Miranda Jolicoeur I think, what people centered justice asked first and foremost is what people want and need when they seek justice, and that could be criminal, civil or administrative. So we may conduct something that we call a justice need survey, and those have been done in many countries where that at the baseline kind of identifies what those needs and wants are. And then we work with both partner country governments and we analyze what that data tells us, what evidence approaches tell us, and then what are most viable solutions. And what we like to say, is there are multiple pathways of justice, so it may not exist only in a formal system. So I’ll give you an example from when I worked in Kosovo. We reviewed a number of cases within the courts. The courts were really having a hard time, because they were so overloaded with the backlog of cases. We determined, together with court officials and judicial officials, that the predominant need were property cases. Those were on contentious property cases. So we worked with officials to understand that there was a possible solution outside of the formal justice system to help people resolve those property needs. We know in West Africa, for example, we’ve worked on traditional justice where people have resolved their needs for a long time through traditional justice. And we know that with 5.1 billion justice needs, we have to look at a wider lens, because justice systems aren’t financially equipped and able to meet all of the needs that are out there.

Tom Temin In other words, there might be a legal framework which is designed to deliver justice in a given nation. But somewhere along the line it actually doesn’t get delivered by the system. And so USAID then would help those countries develop the delivery system, for lack of a better word. Such that the justice that might have been envisioned by the country’s founders or its constitution writers, actually does get delivered. Is that a fair way to put it?

Miranda Jolicoeur I think it’s a fair way to put it. I think also when we talk about legal frameworks, in some countries there has been a legal culture for quite a long time. And I think it’s being able to look at that legal culture that may exist in formally. Formal legal frameworks and how do we look at that by using data to really drive and understand what people need, what they want, and try to meet those needs. And we know that reduces conflict around the world. It’s a prevention venture. In fact, for many of the other humanitarian and development work that we do globally.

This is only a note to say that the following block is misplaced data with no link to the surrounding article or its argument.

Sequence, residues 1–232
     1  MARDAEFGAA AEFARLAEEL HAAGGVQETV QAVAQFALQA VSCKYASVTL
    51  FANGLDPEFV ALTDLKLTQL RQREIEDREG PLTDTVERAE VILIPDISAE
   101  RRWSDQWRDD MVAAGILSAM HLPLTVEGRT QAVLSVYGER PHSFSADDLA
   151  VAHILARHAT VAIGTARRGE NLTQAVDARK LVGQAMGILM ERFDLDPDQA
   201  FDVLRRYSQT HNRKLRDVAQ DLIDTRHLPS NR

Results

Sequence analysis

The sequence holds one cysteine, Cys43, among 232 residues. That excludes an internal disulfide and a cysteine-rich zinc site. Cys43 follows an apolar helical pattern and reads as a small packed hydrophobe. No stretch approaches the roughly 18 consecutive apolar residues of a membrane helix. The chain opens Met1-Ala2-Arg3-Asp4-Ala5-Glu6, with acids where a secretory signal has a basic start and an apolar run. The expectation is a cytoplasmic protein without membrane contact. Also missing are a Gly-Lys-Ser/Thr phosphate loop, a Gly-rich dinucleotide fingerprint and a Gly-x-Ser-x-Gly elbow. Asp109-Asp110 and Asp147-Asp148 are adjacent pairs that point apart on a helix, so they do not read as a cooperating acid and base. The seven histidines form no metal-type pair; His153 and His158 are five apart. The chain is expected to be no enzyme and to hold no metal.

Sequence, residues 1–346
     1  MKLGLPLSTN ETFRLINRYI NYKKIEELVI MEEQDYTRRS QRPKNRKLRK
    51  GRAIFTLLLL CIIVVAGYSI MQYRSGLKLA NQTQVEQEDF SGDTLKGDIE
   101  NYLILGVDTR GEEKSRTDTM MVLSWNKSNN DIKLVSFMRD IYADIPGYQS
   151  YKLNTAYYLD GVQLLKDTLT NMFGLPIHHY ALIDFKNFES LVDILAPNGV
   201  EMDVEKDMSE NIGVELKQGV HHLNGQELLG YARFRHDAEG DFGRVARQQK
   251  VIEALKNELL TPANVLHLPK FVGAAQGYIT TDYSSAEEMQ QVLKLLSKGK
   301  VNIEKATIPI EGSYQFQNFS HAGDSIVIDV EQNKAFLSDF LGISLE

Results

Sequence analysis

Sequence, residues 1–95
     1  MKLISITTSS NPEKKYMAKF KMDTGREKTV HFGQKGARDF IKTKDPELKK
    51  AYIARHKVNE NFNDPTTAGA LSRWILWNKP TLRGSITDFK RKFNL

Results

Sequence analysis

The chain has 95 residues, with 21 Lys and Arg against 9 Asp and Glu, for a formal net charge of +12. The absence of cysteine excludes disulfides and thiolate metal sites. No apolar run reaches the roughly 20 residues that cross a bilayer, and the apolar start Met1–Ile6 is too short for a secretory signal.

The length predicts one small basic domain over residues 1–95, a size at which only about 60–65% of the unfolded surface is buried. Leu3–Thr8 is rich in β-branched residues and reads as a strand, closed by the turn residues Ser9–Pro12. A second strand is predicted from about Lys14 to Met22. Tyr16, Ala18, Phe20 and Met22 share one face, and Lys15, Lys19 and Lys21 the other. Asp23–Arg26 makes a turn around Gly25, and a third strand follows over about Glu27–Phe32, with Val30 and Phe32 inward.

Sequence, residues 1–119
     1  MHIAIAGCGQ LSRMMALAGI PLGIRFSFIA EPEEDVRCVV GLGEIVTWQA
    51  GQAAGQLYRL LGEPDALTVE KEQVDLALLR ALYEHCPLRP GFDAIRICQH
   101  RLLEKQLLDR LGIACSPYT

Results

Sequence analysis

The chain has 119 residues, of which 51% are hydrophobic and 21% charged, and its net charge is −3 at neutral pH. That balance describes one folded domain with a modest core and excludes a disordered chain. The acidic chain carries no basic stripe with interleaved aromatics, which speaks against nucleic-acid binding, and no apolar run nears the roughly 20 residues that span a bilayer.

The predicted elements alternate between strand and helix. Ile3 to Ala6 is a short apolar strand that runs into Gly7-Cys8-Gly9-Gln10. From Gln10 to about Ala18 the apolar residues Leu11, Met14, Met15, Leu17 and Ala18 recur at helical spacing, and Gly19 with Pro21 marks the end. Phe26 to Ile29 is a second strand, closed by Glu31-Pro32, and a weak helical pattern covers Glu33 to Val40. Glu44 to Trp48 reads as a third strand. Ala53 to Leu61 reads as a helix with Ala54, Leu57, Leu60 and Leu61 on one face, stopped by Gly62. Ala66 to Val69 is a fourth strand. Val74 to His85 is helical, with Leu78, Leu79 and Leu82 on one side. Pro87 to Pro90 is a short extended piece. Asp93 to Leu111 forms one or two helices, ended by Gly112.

Tom Temin Because in many countries there might be a cultural or religious or tribal tradition that exists overlaid on whatever the modern legal structure they might have. And therefore, in some eyes, justice gets delivered. But it looks pretty grotesque sometimes, actually, from our standpoint.

Miranda Jolicoeur I think that’s correct. I think we can look at a number of different justice traditions, whether you call them an overlay or an underlay. I think there are systems that exist from colonial powers that they might argue, some religious may. So I think there are different ways. I think what we understand is that there is a cultural premise for justice that exists. And as USAID, we never want to legal, there’s no legal transplants. We don’t say this is what works in the United States, let’s bring this overseas. I think it’s really working with those countries to understand what people want and need. And I think people centered justice, most importantly, gives us an avenue to focus on marginalized people. So if we are talking about women overseas, they’re wants and needs may be the need for a daycare and court so they can actually access the justice system, but they’re unable to otherwise.

Tom Temin Interesting. So, I guess, you could add to women many other types of communities, including, say, minority communities within that context of that nation that often don’t quite partake fully in justice delivery and outcomes.

Miranda Jolicoeur Absolutely. We know in many countries where we work. I was most recently in the Democratic Republic of the Congo. Indigenous communities that never had access to the formal system, or if they did have access to the formal system, it was under military courts where they were being prosecuted did for violating a variety of infractions. And I think this gives us the ability to really sit down with those communities, listen to what it is that they need, and be able to respond with them.